COEUR d'ALENE - Since June 2012, John Padula and his wife, Amanda, have been taking into their Coeur d'Alene home many men battling drug addiction and trying to stay clean.
John Padula, 34, said, "God just gave me a disgust for my old life, but he gave me a heart that broke for people in addiction."
Padula, a former drug addict, runs the nonprofit home called Set Apart Discipleship, which currently houses 13 men.
Set Apart has ties with Pastor Tim Remington's Good Samaritan drug and alcohol rehabilitation facility in Coeur d'Alene.
Padula wants to help more men, and he's raising money to do remodeling in the basement of the home located at 1222 N. Sixth St. to provide three more bedrooms and a bathroom.
"We want to finish the downstairs, to expand in this home," Padula said. With that work done the home would be able to house six more men.
They already have the lumber and drywall, but now need the plumbing, electrical and paint, along with the labor.
From 11 a.m. to 4 p.m. on Sept. 14, in the parking lot of the home, Set Apart is hosting a fundraiser.
They will be selling donated items and serving meals at $5 per plate. There will also be a raffle. All the money will go to the basement remodel.
During the fundraiser, the men who live at the home will be sharing their stories with those who attend.
Aidan Gale, 18, a high school dropout who had been addicted to methamphetamine and heroin and was homeless and in and out of jail, is one resident.
"I was just killing myself fast, and living out of a Dumpster, wherever I could find to keep myself out of the snow," Gale said.
He said staying at Set Apart the past few months has helped him tremendously to stay clean and get on the right path.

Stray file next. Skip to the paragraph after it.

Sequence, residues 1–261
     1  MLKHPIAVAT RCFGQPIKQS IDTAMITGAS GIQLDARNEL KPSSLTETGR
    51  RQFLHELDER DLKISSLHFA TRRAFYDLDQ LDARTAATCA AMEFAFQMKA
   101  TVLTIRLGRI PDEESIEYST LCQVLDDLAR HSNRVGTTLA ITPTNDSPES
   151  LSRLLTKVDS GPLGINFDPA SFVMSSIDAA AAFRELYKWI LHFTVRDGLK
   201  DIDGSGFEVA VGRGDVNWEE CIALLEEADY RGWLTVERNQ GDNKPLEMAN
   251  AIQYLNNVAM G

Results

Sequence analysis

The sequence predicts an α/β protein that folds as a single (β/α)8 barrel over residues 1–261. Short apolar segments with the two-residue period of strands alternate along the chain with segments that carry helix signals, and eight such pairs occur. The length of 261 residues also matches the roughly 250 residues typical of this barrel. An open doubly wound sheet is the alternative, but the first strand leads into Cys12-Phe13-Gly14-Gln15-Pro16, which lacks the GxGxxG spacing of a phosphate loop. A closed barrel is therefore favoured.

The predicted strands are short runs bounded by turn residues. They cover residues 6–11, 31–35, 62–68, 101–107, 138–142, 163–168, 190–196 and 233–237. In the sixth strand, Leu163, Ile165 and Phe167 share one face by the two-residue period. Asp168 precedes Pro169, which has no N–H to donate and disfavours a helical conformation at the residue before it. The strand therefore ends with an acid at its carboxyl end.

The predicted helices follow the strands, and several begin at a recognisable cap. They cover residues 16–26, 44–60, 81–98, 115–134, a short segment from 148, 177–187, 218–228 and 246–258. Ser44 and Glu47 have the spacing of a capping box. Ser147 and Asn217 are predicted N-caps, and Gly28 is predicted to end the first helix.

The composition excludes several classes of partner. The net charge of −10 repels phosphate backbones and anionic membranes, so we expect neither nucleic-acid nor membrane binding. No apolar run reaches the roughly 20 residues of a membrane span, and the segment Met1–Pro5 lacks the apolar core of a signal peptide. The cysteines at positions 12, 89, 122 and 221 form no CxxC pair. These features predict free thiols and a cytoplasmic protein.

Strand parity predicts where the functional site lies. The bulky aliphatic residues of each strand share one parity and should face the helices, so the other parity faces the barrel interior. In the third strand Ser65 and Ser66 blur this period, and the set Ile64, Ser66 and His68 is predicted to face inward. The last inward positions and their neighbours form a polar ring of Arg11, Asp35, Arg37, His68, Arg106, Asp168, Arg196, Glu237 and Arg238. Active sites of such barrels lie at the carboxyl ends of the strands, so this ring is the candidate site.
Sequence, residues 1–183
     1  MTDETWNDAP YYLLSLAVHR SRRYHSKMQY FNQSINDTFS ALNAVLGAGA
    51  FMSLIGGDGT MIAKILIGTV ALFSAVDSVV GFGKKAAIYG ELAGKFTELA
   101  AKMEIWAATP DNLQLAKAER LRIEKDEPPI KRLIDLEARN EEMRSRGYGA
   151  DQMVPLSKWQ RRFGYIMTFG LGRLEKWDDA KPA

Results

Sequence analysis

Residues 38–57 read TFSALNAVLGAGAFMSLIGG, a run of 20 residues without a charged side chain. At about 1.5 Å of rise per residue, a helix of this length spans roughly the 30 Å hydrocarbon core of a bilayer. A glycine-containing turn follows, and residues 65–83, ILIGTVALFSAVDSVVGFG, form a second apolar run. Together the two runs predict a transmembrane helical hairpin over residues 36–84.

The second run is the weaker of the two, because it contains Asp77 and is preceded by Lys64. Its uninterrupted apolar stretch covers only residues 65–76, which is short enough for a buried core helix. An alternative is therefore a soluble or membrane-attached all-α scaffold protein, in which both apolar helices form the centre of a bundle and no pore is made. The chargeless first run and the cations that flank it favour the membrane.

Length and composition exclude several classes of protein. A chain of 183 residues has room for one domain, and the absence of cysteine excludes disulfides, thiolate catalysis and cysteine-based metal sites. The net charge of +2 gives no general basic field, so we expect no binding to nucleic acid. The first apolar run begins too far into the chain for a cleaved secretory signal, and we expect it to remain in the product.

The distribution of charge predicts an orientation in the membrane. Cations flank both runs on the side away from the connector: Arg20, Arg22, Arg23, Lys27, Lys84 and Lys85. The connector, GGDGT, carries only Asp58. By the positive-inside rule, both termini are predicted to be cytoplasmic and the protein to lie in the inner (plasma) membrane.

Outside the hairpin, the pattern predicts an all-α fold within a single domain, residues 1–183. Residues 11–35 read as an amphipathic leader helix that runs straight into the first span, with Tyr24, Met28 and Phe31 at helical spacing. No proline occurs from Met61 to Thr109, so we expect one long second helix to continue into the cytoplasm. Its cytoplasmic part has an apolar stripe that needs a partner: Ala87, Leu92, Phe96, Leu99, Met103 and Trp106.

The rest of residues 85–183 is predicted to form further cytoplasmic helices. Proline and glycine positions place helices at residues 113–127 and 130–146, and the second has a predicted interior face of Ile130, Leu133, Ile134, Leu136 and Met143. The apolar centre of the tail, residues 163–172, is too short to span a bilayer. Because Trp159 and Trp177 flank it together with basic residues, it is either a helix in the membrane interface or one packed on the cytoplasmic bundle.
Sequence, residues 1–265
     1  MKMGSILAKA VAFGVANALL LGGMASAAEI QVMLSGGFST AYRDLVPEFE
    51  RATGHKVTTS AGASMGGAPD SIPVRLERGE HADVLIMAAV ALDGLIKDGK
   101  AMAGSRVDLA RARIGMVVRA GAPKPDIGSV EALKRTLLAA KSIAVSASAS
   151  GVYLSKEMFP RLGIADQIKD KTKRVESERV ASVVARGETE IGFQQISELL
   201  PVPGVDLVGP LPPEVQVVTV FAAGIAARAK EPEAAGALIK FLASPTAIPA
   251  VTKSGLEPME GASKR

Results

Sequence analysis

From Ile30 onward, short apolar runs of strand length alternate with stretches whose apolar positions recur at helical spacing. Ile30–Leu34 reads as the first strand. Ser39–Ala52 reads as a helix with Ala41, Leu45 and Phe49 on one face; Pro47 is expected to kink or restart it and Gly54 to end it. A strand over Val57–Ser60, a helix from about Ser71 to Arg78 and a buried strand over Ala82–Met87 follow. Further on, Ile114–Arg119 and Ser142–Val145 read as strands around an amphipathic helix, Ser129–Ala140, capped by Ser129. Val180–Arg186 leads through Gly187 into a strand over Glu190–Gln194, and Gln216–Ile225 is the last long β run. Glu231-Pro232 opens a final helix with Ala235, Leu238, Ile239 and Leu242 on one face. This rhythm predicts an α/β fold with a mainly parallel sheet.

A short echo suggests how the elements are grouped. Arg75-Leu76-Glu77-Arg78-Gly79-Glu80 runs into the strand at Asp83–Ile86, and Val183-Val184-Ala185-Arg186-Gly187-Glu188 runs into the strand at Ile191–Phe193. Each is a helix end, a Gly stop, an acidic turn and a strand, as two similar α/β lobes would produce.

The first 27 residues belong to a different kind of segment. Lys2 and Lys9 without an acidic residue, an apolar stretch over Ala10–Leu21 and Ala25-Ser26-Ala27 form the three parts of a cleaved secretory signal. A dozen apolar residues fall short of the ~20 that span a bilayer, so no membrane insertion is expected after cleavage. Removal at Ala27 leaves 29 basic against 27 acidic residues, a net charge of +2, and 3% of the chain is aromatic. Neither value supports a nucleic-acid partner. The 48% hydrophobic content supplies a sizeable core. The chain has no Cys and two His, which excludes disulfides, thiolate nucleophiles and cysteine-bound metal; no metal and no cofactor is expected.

"With John and Amanda, it's not just a halfway house," Gale said. "They make you part of their family. That's what I needed, I didn't need to feel like I was just in some other program."
John Padula, who was born and raised in Kellogg, was himself a methamphetamine addict for 17 years.
He went to prison for six years, got out in 2006, started with cocaine and alcohol and went right back to meth. He did more time behind bars.
He didn't get on his current track, with religion and helping others, until December 2008.
Eight of the men living at Set Apart are straight off the street or out of jail. They are waiting to get into Good Samaritan.
"None of these people who come here have ever really had a family, or a family setting that they've grown up in," Padula said.
The five other men have been through Good Samaritan's rehabilitation program.
The Padulas moved into the home in June 2012, starting with hosting men who had completed rehabilitation.
"We had four guys to start with," Padula said.
Set Apart began to evolve by taking in men who hadn't completed rehab. That started in January, when Remington's program had a three-month waiting list.
The men at Set Apart all pay monthly rent. The men who have completed rehab pay the most, at $225 per month. Donations pay the rest of the bills, which total $3,100 a month.
John Padula is the only employee, and he gets only $1,000 per month to support himself, his wife and their two young daughters.
He started doing meth when he was 13, and continued until he was 30.
His experience informs his approach to working and living with the men he welcomes to Set Apart.
"My teeth were all rotted out, broken off," he said.
About a year and a half after becoming a Christian he met some people who agreed to fix his teeth. So he knows what it feels like to be the recipient of help.
"They gave me a brand new smile, all for free, like the Lord has totally blessed me," he said.
Contact John Padula at Set Apart: (208) 704-1492.